In the pages of Raghu Rai’s new photo book is an extraordinary life delicately encapsulated. A life of spirituality and divinity, of turmoil and struggle, of peace and strength — the life of the 14th Dalai Lama.
A God in Exile: The Fourteenth Dalai Lama, is a book over forty years in the making, and it shows. Through the volume runs not just the remarkable story of the ‘dethroned god-king’, but also that of a friendship cultivated over decades. A seamless and intimate body of work by one the most accomplished photographers the country has ever produced.
It was 1975 when Rai first met the Dalai Lama while working on an assignment for The Statesman. He recalls being struck by the openness and the warmth the spiritual leader showed towards him, “as though he were giving me the gift of equality”. As the years wore on and the world caught up with the goings-on in Tibet (with mounting aggression from China), assignments took Rai to His Holiness more regularly.
In time, he found himself capturing some of the most private and candid moments in the everyday life of the ever-accommodating Dalai Lama, and now, his new book chronicles this, thus proving to be a window into the life and character of a unique leader.
An effortless introduction by Jane Perkins, accompanied by archival photographs, recounts the history of the Dalai Lama lineage, the discovery and upbringing of the 14th incarnation, his childhood and early life, and his miraculous escape to India in 1959. The essay accomplishes the often notoriously difficult task of not overstaying its welcome and lends much gravity to the photographs that follow.
Talking about his photography, Rai, who was nominated to Magnum Photos in 1977 by Henri Cartier-Bresson, had once said that it became “my profession, my hobby, and in time, my dharma”. Turning through his luminous work in the book, one is immediately aware of his prowess. The photographer lays out the essence of his moments shared with the Dalai Lama with such heightened sensibilities and craftsmanship in his frames that with time, it seeps into one’s subconscious, resembling a personal memory.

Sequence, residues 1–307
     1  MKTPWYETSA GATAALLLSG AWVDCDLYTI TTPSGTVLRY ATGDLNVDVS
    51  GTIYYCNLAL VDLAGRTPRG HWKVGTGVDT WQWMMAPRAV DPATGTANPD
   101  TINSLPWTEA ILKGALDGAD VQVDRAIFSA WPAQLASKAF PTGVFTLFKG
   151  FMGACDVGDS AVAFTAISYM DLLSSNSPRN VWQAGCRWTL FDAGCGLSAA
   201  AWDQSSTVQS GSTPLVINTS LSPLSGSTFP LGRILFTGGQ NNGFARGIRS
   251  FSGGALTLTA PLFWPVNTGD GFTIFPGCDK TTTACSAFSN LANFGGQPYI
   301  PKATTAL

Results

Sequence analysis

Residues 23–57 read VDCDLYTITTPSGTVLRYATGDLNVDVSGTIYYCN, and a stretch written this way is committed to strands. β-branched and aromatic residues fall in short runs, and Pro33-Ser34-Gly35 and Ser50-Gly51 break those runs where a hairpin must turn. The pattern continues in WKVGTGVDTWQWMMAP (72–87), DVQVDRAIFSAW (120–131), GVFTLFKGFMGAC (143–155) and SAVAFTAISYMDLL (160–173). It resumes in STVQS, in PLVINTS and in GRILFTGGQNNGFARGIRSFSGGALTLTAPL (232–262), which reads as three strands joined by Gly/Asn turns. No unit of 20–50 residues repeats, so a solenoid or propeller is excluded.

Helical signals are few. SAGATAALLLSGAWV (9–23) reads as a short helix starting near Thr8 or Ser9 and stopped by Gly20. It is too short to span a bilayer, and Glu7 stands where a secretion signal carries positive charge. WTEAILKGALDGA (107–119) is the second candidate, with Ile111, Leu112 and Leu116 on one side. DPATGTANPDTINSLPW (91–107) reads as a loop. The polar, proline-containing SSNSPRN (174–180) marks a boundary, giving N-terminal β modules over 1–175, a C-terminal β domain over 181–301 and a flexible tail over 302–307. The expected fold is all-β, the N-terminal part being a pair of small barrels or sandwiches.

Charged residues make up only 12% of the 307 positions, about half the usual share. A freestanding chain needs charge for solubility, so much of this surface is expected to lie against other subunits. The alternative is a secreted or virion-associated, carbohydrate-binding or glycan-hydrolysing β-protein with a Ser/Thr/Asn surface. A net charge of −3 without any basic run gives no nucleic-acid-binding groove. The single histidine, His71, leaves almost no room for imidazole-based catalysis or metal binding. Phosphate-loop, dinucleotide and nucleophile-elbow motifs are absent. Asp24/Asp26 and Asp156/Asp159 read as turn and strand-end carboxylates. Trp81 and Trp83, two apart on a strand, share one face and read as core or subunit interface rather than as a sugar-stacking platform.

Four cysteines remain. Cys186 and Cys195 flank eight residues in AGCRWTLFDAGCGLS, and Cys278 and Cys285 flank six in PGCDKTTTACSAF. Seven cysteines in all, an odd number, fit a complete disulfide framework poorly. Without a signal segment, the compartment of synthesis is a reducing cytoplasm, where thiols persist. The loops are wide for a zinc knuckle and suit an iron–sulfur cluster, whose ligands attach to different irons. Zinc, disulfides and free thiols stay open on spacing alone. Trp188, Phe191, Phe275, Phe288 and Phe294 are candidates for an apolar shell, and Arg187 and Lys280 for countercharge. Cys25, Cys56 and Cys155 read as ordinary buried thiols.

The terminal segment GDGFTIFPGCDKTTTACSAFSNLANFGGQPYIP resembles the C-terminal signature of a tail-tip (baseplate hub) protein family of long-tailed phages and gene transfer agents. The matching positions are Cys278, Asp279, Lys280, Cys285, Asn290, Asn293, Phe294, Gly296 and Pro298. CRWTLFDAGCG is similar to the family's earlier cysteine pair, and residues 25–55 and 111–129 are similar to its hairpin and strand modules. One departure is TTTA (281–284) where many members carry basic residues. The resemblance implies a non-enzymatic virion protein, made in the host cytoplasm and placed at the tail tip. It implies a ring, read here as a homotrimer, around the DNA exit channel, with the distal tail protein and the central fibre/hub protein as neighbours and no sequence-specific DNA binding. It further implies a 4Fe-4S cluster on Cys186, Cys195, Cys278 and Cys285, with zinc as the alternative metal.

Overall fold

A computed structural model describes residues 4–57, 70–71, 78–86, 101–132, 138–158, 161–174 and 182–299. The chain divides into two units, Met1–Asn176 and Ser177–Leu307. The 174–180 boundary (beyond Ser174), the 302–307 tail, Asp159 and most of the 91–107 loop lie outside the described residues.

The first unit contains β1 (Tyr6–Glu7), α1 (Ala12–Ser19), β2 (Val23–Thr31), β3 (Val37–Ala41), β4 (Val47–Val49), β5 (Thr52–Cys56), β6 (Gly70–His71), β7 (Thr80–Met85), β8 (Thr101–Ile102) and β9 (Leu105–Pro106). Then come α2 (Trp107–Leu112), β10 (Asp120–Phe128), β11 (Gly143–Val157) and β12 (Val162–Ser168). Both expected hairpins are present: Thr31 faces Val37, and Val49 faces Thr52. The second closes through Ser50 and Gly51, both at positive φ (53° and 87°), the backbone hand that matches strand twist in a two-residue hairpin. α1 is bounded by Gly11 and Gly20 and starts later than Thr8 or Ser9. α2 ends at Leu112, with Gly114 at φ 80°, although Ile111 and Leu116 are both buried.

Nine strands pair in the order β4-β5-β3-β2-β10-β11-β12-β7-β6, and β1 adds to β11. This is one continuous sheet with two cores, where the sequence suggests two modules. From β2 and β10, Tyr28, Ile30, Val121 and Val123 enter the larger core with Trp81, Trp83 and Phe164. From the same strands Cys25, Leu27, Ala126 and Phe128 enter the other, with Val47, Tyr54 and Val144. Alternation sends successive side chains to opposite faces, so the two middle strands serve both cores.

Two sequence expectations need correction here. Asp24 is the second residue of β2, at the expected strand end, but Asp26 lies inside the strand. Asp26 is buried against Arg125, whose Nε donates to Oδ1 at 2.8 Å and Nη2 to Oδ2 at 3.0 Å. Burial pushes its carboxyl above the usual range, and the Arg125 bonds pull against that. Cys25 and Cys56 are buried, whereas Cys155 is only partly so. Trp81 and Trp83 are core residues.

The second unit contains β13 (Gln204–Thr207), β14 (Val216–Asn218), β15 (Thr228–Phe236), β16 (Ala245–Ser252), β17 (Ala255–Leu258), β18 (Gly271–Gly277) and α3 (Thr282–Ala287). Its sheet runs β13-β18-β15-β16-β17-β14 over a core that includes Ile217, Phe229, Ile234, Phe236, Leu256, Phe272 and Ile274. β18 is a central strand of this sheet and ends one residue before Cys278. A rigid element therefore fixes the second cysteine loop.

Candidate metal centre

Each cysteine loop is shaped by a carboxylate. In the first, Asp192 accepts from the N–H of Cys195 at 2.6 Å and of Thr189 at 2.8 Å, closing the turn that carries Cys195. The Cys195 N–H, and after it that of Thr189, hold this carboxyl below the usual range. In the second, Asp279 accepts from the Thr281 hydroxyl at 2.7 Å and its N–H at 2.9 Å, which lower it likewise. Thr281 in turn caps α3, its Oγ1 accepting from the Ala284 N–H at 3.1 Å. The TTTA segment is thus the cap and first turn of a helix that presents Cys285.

Studying the photographs (not presented in a chronological order to give “an impression of a buildup of emotion in one ‘space’”) feels like spinning through a kaleidoscope of time and state. Be it his portraits from their first meeting or the delicate look at the Nobel Laureate’s quieter moments at his residence, or the magnificent and imposing photographs of his holy subject with the snow-capped Himalayas in the backdrop, the volume is a captivating, and occasionally a dreamlike affair.
Rai’s own words punctuate his photographs at regular intervals. Although a bit repetitive in content at times, these pages provide insightful anecdotes and details about his work, and a glimpse into the time and circumstances when a particular interaction took place. He does not shy away from admitting his great admiration for the Dalai Lama, and urges the readers to perhaps feel the ‘godly presence’ in the pages of the book too.
As for Rai’s subject, one could hardly wish for a more fascinating and dynamic presence. Animated and welcoming, the trustfulness with which the Dalai Lama embraces the photographer and his camera — at times to closed-door ceremonies and meditation sessions — translates to the page in form of a gracious invitation to know and understand him better.
There are moments of striking beauty, genuine tenderness, and surprising humour. And a spiritual and affectionate thread running through two lives, binding it all together.
Raghu Rai’s A God in Exile: The Fourteenth Dalai Lama is published in India by Roli Books
Updated Date: Sep 20, 2018 11:17 AM